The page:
Film Micrœview #241: A Pigeon Sat on a Branch Reflecting on Existence (2014)

09.28.2015 § Leave a comment

Rating: Good.

The artistic experience, encapsulated:

A school for mentally handicapped children. It’s a young girl’s turn on stage next. She’s written a poem. Rather than have her deliver it itself, the teacher takes the lead, asking simple question after simple question, teasing the facts of the poem’s depictions out one by one, tediously and condescendingly repeating for confirmation each one. It’s about a pigeon who sat on a branch contemplating – not existence – but the fact that it has no money. Then it flies home. The instructor decides when her turn is up and sends her back to her seat. Most of the applause is accepted instead by two other children who have run amok onto the stage during her turn.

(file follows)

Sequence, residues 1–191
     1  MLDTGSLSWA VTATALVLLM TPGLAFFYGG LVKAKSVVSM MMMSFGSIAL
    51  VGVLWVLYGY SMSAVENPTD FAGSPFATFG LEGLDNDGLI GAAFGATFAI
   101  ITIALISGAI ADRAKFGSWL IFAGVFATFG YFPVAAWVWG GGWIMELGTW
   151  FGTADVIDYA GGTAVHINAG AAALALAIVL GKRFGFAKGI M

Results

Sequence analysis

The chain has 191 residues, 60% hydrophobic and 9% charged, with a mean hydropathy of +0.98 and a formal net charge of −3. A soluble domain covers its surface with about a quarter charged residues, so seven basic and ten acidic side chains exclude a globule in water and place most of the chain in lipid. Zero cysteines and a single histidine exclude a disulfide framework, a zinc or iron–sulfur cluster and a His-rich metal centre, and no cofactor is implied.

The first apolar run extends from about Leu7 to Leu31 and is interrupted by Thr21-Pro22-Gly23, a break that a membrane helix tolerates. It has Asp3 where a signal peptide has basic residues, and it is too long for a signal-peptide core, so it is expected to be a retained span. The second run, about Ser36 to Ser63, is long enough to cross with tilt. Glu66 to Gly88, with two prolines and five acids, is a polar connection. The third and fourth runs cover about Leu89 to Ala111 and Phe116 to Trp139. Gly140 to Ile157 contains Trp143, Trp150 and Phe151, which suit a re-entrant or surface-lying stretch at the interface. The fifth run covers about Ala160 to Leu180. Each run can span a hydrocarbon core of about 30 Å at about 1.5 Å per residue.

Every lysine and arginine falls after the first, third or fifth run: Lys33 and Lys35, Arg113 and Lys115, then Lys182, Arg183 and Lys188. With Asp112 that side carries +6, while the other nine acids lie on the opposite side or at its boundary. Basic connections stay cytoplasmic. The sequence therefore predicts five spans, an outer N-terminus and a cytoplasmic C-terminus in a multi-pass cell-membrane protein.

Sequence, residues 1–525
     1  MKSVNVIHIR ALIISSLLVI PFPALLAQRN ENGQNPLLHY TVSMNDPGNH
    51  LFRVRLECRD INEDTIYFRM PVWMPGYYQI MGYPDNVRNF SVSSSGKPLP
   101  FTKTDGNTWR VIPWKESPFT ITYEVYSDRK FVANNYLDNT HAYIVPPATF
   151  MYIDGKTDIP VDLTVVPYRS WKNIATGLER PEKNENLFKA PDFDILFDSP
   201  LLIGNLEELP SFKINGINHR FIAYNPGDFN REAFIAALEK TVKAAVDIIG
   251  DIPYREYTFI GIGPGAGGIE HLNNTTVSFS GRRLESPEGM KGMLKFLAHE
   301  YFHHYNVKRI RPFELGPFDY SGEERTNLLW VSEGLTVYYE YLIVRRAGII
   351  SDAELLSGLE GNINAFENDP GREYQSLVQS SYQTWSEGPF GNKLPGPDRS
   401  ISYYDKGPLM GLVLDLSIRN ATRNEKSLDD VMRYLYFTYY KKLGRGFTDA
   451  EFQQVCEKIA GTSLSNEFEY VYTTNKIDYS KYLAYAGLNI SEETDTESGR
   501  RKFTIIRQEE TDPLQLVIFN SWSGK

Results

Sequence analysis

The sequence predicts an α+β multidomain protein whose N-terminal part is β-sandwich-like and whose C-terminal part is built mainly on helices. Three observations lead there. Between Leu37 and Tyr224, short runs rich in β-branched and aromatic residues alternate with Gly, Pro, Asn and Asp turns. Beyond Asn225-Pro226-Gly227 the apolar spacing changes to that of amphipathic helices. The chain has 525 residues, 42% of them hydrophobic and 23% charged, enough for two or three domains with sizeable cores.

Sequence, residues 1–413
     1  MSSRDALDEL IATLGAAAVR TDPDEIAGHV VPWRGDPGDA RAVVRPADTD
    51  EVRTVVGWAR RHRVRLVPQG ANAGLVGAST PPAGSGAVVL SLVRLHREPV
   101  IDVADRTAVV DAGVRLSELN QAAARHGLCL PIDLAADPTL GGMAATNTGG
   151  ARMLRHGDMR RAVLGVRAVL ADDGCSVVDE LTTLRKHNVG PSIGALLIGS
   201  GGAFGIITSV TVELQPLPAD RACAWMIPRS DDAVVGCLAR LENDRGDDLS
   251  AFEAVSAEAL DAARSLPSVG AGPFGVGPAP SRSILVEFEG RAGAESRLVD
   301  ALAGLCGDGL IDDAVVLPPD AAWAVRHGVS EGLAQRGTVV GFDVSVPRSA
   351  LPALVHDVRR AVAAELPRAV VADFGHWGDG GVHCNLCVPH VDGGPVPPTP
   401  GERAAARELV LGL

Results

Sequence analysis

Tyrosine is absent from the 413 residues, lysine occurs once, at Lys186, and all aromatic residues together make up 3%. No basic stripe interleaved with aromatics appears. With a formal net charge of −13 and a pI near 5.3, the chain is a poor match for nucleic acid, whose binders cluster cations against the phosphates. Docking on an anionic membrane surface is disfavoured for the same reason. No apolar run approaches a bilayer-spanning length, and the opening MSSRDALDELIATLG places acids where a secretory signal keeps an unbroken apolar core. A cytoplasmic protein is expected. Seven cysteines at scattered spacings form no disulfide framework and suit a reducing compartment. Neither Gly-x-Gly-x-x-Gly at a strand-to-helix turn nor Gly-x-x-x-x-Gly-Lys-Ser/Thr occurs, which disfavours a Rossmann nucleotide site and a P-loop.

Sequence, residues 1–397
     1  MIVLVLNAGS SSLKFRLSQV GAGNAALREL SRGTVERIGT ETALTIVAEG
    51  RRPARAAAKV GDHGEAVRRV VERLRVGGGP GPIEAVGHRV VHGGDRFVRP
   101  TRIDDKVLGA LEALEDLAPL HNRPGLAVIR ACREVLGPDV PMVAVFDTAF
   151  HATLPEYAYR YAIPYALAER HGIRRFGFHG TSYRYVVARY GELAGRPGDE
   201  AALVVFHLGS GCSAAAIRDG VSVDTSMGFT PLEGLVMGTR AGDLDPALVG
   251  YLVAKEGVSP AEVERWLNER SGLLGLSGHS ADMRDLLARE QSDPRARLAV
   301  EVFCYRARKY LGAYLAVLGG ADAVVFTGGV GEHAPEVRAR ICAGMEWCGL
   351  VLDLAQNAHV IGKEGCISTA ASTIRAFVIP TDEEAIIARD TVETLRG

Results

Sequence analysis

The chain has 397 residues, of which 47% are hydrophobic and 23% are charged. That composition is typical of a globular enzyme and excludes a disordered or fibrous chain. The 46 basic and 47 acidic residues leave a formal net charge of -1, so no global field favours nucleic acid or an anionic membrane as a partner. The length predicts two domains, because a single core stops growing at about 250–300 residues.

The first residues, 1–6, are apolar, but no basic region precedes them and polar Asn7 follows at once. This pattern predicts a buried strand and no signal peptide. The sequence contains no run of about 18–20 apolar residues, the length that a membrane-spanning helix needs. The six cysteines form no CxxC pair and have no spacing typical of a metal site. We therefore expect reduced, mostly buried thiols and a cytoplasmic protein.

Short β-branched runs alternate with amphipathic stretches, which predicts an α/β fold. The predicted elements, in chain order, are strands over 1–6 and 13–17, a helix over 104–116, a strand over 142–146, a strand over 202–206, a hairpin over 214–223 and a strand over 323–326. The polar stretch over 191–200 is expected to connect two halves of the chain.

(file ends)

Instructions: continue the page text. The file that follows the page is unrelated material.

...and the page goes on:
Just when you think the film is going to be just a surreal first world problems lament, serious pain and horror lunges out. From an electrocuted monkey (shocking particularly in light of my recent viewing of Wiseman’s Primate) to a musical burning alive of shackled black men by white British soldiers for the entertainment of wine-sipping wealthy white elderly folk, to even a defeated anachronistic army’s trudge home, there are some intensely miserable undercurrents to the otherwise mundane proceedings. Everything that should tie together does.

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